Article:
Getting ready for the water

Hello y’all!

Today, I am going to our local Wal-Mart and purchasing my state fishing license. In the state of Georgia, reagular fishing license are $9.00. There is an extra $5.00 tacked onto that if you want to fish for trout. My interests fall more on catfish, bass, and brim, but after a chat with my friend Joshua today, I think I will get the trout addition. He tells me he will go fly fishing with me sometime soon and get me trained in the sport. I will be looking forward to spending time fishing with Joshua.

At the present time, I don’t have a place to go fishing for catfish in the area. Back home, there was a place called Presnell’s Catfish Farm. There had to have been seven or eight separate ponds. One large one, in the center, was my favorite spot. When I was a child, my dad used to get irritated with me and was sure I would never grow up to be a fisherman. He would throw in, sit almost on his heel, and wait. Waiting, for him, seemed almost unnecessary. The fish knew he had cast his lure and they were ready to pounce upon it. Dad would do this slight raise…steady as a guy could while dipping Skoal…then yank the hell out of the rod, shouting, “Ah, yeah. C’mon..Ha Ha!”  The rest of the family would sit there while he cranked on his Zebco 808 reel, whining from the pull of the massive catfish he was fighting.

Compared to my dad, my trips fishing consisted of sitting there, watching an orange cord float in a large pond. To an eight year old child, that is not the most exciting of times. At least not me! Dad would constantly say, “Watch the cork, son. If you don’t pay attention, you won’t catch nothin’.” I knew that. I just didn’t care!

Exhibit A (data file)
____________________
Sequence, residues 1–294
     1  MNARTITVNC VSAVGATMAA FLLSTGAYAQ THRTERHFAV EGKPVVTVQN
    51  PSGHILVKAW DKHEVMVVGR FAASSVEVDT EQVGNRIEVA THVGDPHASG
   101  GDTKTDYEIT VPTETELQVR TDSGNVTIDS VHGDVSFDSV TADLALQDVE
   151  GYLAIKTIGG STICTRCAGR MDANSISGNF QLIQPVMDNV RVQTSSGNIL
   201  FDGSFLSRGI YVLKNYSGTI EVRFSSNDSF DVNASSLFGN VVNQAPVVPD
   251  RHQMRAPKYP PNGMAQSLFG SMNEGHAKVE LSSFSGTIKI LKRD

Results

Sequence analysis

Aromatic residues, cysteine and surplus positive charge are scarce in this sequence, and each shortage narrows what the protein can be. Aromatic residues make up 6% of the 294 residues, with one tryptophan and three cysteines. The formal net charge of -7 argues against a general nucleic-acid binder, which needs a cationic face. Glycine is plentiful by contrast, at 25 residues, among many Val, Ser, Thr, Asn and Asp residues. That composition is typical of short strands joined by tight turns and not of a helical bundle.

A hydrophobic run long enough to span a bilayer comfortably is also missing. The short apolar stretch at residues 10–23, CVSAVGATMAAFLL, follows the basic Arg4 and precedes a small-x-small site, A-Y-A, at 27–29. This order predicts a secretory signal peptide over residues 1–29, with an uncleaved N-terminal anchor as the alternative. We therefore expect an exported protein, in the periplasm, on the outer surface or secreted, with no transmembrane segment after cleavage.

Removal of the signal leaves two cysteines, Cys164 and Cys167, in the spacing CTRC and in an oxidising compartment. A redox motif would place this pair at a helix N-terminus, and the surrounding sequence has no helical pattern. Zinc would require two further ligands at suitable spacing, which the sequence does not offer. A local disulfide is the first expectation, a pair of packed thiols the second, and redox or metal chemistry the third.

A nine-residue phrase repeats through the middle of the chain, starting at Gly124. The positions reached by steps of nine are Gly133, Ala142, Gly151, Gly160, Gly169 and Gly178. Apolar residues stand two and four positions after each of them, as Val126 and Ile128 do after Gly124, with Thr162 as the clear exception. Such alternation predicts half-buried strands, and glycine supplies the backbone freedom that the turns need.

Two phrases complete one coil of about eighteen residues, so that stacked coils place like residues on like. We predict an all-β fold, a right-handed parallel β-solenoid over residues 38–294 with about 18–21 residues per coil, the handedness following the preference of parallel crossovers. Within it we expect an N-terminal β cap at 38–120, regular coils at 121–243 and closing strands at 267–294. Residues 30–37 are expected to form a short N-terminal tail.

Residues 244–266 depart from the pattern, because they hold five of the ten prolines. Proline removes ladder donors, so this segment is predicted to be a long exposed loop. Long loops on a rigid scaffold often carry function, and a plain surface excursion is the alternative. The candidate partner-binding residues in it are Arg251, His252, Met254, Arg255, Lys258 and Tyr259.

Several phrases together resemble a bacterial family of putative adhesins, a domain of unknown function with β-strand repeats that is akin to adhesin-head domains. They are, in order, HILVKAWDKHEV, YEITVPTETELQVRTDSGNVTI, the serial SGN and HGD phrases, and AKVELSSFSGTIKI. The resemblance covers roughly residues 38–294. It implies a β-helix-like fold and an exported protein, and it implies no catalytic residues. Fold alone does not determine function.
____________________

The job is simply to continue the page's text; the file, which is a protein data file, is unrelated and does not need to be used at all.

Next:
One fishing trip I will never forget is when my friend (lets call him Bob) went with us to the catfish ponds. He had never been taken fishing and had not the slightest clue what to do if the cork went into the water. Dad had cane poles for the younger ones, including me, Bob, and my sister. We sat on the bank and Dad baited the small hooks with crickets. We chucked the lines in and sat down. Dad looked at Bob and said, “Now, when that cork yonder goes under, you snatch the pole so that you can bring that fish to you.” Bob said OK and we were set to fish.

All of a sudden, we see Bob snatch that pole backward. The fish obviously sprouted wings, flew out of the water, and sailed off into the trees across the narrow dirt road behind us. I thought my dad was going to die. He stood up, slapping his hands on his legs, hollering in hysterical laughter. He looked at Bob and said, “You did exactly what I told you to do. That made my day!” We all got a great big laugh at Bob’s expense, but he was happy too. He knew he had caught a fish and that is what mattered most. Dad explained how to pull up more gently on the next event the cork went under.

That story shows fishing can not only be relaxing and a great sport, but it can also be a time full of fun and laughter for the whole family. Children these days should be introduced to outdoor activities. You see so many overweight kids that sit at home and play video games for entertainment. Is it really for the kid’s entertainment, or is it more so that the parents don’t have to be bothered? I personally believe it is the latter. The children of today are being raised by people of my generation. We grew up with Nintendo, Atari, and Sega game systems and the very beginning of the computer gaming age. We knew those were fun and, i guess some more than others, felt the need to pass that onto their children as a way to fill their free time.

Let’s hope something changes before it gets too late.

Until later.

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